The questioning of ousted former president of Catalonia, Carles Puigdemont, and several members of his sacked government was starting in a Madrid court on Thursday, with Puigdemont still in Brussels and at risk of an extradition request if he fails to appear.
Puigdemont’s Belgian lawyer, Paul Bekaert, said on Wednesday that his client would not return to Spain, and had proposed that Puigdemont instead be questioned in Belgium.
Puigdemont and his government were sacked on Friday by Prime Minister Mariano Rajoy hours after passing a unilateral declaration of independence from Spain through the regional parliament, a vote boycotted by the opposition and considered illegal by Spanish courts.
On Monday, Spain’s state prosecutor accused Puigdemont of rebellion and sedition for organising an independence referendum held on Oct. 1 in defiance of the Madrid government.
Puigdemont travelled to Belgium at the weekend with other members of the dismissed Catalan administration and hired a lawyer. Although he appeared at a news conference in Brussels on Tuesday, his plans and next movements were unclear.
The Spanish National Court on Tuesday issued a subpoena for Puigdemont and several of his former deputies to appear in court, and while two of his former cabinet ministers, Joaquim Forn and Dolors Bassa, flew back to Barcelona that evening, Puigdemont stayed in Brussels.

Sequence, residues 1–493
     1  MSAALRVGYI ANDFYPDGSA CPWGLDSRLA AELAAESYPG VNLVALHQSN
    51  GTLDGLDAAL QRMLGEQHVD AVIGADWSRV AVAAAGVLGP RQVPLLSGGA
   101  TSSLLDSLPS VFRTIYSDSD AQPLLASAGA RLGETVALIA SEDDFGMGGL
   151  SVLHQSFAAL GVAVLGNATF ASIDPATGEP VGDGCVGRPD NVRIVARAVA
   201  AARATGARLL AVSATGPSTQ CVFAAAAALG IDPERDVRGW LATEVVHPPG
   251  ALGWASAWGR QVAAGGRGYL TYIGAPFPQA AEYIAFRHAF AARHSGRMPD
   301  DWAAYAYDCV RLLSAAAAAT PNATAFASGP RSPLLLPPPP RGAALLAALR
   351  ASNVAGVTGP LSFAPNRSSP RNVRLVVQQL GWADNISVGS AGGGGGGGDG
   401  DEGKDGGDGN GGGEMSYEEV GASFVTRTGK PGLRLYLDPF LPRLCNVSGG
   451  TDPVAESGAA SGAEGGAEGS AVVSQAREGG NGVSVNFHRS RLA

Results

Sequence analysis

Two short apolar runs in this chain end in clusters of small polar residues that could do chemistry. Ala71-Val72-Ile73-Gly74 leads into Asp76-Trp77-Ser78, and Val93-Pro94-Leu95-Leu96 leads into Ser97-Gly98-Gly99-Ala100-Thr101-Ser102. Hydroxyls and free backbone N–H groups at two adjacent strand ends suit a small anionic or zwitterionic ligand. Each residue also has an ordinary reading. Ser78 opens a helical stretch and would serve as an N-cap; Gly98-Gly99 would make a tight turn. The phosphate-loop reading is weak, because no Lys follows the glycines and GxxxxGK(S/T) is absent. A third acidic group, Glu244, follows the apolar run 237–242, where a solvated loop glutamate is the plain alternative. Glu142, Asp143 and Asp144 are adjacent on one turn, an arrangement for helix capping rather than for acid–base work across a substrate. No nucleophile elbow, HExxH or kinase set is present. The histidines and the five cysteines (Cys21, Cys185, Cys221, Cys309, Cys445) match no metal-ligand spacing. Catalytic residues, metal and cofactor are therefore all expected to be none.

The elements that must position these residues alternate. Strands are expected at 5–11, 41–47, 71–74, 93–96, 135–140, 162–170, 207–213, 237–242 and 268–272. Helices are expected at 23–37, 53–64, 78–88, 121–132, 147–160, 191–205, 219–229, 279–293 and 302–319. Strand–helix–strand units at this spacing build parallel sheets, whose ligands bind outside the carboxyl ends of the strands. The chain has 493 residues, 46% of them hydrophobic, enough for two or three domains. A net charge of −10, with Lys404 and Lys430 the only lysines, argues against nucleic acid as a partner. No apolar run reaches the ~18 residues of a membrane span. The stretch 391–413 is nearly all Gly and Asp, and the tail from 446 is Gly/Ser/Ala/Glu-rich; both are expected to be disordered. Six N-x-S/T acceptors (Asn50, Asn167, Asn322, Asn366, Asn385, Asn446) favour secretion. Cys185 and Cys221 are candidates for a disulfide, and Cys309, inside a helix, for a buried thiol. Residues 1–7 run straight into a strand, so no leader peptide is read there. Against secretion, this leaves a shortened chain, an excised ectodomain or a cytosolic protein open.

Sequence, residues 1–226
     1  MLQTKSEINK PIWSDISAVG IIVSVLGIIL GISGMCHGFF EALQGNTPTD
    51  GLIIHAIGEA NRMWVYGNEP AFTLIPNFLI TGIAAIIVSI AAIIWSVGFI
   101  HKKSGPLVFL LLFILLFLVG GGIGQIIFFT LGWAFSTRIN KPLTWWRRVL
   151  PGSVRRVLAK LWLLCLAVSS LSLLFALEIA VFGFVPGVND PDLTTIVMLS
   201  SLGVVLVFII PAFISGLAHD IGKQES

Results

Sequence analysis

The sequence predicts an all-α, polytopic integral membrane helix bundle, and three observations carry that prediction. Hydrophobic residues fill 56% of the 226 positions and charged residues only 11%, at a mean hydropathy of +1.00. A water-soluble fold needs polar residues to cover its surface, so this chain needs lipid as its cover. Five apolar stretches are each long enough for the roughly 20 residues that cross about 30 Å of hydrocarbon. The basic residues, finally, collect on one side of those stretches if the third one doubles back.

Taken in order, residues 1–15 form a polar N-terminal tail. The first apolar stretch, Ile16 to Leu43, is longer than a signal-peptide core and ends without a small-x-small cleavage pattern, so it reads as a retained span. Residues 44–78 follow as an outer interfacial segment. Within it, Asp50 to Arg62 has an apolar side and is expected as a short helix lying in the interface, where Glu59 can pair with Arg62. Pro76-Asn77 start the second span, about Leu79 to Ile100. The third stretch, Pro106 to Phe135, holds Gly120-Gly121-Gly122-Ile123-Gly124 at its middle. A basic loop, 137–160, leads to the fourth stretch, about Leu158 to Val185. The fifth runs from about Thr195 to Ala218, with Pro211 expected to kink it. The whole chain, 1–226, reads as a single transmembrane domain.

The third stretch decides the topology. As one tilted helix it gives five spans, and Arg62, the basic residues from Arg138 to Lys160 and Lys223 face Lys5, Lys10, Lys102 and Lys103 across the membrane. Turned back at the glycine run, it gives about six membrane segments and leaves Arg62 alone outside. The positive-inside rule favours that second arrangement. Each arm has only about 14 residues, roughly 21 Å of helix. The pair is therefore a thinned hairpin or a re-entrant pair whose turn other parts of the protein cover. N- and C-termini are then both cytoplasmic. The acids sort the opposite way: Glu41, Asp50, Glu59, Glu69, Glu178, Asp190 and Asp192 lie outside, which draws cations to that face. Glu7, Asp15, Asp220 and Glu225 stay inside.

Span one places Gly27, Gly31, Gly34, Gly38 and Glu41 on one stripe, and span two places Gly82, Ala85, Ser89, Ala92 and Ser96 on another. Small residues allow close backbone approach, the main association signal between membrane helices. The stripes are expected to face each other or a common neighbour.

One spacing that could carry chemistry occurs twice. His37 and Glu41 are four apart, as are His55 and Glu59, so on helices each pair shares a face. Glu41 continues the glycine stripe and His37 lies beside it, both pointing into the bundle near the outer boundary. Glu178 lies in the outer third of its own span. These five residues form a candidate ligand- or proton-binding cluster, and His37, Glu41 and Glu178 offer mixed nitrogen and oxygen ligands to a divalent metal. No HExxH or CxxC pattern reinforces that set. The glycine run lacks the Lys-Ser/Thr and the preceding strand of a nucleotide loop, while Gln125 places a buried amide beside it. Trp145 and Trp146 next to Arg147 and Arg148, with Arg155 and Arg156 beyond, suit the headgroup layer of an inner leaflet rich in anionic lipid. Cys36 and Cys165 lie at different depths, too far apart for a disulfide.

If Puigdemont does not appear in court to testify, “there will likely be an extradition request to Belgium and the Belgian police will detain him,” said Esteban Gonzalez Pons, a member of European Parliament from the governing People’s Party (PP), on Spanish radio.
Spain’s High Court has summoned Puigdemont and 13 other former members of the Catalan government to testify in Madrid on Thursday and Friday on charges of rebellion, sedition and breach of trust. A judge will then decide whether those called to testify should go to jail pending an investigation that could take up to several years and a potential trial.
Three former Catalan government advisors returned to Spain from Belgium late on Tuesday and were greeted at Barcelona’s international airport by crowds chanting “off to prison”.
Prosecutors have asked the courts to order the Catalan secessionist leaders to deposit 6.2 million euros to cover potential liabilities. However, if Puigdemont and his associates do not turn up this could change and, if considered a flight risk, they could be jailed pending trial.
Attention in the crisis over Catalonia is now turning to the December election, called by Prime Minister Mariano Rajoy when Madrid took over control of the autonomous region.